In addition to revealing the secrets of Pluto’s geography, the information gathered by New Horizons also offers new insights into the composition of Pluto. A map of methane ice spanning the surface of Pluto reveals a stark contrast between different regions. Sputnik Planum, for example, has abundant stores of methane, except for on the mountains along its west flank. The region informally known as Cthulhu Regio shows absolutely no methane, apart from a few crater rims and ridges.
The distribution of methane across the surface of Pluto reveals even more complexity about the dwarf planet’s past, as the concentration is much higher on the wide plains and rims of craters than it is in the bottom of the craters or in darker areas. Scientists aren’t sure, but they think it may have something to do with the fact that methane is more likely to condense in certain regions.
It presents a interesting puzzle for the researchers, who have been pouring over the new compositional maps of the dwarf planet’s surface since they arrived from New Horizons.
William McKinnon, a planetary geologist working with the New Horizons team, confirms that their research on the formation and evolution of the icy worlds at the far edge of the solar system has taken a turn for the bizarre since seeing the images captured by the space probe this summer. But this is nothing new for astronomers that study the solar system. For half a century, scientists have been seeking to improve their understanding of the other planets and moons that orbit our sun.
New Horizons culminates nearly 50 years of exploration of the solar system. In 1962, NASA launched the Mariner 2 probe to fly by the planet Venus, our closest neighbor in the solar system. Their technology has improved significantly since then, and the new photos from 2015 are a shocking confirmation of how far the research has come. Before, Pluto was little more than a grey speck with details that evaded astronomers. Now, researchers can get up close and personal with Pluto as if they were hovering above the surface themselves.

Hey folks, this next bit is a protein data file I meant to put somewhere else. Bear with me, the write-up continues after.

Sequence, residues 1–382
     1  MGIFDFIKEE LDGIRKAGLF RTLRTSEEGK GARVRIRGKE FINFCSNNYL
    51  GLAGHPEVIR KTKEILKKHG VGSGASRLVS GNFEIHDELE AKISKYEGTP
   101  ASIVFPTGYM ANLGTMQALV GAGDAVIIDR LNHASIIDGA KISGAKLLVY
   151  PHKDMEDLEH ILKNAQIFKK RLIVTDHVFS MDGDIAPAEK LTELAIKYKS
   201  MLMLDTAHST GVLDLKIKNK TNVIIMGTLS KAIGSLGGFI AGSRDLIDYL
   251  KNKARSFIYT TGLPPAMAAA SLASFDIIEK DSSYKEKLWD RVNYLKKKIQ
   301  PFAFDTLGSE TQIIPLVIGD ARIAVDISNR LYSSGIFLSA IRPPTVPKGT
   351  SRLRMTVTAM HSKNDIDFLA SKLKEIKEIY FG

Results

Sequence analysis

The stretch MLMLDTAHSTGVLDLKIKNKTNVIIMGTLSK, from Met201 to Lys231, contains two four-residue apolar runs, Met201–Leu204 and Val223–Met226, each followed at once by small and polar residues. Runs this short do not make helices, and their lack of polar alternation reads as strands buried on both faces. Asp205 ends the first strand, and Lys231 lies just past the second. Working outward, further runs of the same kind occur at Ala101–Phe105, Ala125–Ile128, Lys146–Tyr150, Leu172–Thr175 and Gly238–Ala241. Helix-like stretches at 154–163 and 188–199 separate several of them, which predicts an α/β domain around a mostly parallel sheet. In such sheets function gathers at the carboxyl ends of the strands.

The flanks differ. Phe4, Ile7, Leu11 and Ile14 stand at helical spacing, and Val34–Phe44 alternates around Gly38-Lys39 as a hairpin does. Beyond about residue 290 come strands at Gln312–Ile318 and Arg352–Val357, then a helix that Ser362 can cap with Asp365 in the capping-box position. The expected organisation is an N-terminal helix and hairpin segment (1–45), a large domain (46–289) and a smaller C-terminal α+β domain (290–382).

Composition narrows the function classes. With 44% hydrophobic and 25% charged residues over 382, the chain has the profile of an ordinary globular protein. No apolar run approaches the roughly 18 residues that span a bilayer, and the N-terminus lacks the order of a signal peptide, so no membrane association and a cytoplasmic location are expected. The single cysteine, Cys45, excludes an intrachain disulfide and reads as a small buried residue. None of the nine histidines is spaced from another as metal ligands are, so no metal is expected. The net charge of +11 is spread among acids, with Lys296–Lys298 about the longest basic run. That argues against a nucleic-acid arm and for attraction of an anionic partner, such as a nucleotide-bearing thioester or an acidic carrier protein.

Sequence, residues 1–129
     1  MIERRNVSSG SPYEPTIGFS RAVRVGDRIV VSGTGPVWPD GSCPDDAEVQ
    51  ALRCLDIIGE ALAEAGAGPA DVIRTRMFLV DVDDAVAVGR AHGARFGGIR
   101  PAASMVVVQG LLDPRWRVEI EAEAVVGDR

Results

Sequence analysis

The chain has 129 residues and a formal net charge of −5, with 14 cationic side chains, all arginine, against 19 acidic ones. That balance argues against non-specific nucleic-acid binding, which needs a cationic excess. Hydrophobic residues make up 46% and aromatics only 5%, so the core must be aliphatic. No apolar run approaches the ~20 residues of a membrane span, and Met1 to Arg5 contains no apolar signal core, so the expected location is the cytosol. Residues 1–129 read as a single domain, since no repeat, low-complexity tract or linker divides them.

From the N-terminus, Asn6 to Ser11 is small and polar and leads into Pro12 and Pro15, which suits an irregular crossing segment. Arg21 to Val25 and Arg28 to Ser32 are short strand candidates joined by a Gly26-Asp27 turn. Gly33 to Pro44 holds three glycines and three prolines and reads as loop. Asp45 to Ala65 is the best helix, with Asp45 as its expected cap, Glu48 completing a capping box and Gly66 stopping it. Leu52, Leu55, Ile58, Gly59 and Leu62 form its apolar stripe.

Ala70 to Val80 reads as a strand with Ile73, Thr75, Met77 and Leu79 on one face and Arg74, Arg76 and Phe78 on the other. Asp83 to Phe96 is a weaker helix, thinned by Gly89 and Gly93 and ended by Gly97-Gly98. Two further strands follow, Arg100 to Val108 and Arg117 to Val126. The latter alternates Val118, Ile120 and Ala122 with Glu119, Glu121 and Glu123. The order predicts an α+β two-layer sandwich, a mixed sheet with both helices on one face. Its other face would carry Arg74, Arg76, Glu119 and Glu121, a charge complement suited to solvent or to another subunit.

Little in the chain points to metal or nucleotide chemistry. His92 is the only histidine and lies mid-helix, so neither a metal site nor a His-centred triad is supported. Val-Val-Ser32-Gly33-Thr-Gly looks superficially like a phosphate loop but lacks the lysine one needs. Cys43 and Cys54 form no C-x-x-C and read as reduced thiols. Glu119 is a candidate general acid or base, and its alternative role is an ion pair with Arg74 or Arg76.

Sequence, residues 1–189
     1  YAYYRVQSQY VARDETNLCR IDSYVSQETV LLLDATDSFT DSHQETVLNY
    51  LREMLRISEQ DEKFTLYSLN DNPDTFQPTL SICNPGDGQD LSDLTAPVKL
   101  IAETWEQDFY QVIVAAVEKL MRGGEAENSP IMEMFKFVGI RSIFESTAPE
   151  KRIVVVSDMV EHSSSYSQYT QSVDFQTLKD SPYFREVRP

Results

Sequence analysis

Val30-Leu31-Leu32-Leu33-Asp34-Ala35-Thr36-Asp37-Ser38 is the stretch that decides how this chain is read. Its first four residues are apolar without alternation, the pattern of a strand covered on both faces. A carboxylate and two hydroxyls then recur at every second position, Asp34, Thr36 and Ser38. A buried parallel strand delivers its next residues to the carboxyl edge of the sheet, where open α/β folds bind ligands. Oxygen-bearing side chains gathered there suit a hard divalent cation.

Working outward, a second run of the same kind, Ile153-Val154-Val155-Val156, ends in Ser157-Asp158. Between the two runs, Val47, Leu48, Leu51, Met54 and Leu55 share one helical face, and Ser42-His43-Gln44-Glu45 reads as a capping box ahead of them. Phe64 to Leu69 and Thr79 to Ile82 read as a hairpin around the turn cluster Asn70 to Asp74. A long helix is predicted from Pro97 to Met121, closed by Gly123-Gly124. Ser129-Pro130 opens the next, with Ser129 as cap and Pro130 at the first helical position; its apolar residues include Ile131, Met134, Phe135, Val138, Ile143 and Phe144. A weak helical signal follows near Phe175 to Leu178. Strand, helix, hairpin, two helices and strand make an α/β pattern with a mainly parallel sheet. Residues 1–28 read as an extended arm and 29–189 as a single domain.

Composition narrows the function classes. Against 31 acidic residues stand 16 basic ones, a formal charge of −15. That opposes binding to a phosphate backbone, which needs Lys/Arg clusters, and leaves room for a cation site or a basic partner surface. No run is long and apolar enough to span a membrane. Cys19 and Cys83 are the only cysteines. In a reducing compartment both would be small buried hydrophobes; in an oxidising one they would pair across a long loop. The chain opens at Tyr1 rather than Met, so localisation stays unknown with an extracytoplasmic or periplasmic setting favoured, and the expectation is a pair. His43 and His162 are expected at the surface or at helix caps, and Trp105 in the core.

The new photos reveal just how complex the bodies of the solar system actually are. They show massive volcanoes, and seas as big as the Great Lakes but full of hydrocarbons on planets and moons that resemble Earth in a surprising way.
Photos taken with the latest in space cameras also reveal that many planets and moons throughout the solar system are still remarkably geologically active. Some have been shown to hold massive tides that heat the interiors of otherwise frozen ice moons to create massive gushers and vast underground oceans of liquid water.
Recent research of the solar system also reveals many locations throughout the solar system where life may have been able to stand a chance against the elements of the universe. Based on our understanding of how resilient life on Earth can be, it is not unreasonable to believe it may have existed at one point in several locations.
The head of NASA’s Planetary Science Division, Jim Green, has little doubt that we are currently in the midst of a revolution in understanding the wonders of the solar system. In addition to all of the revolutions in research over the past 50 years, we are beginning to learn that the solar system can actually be pretty weird.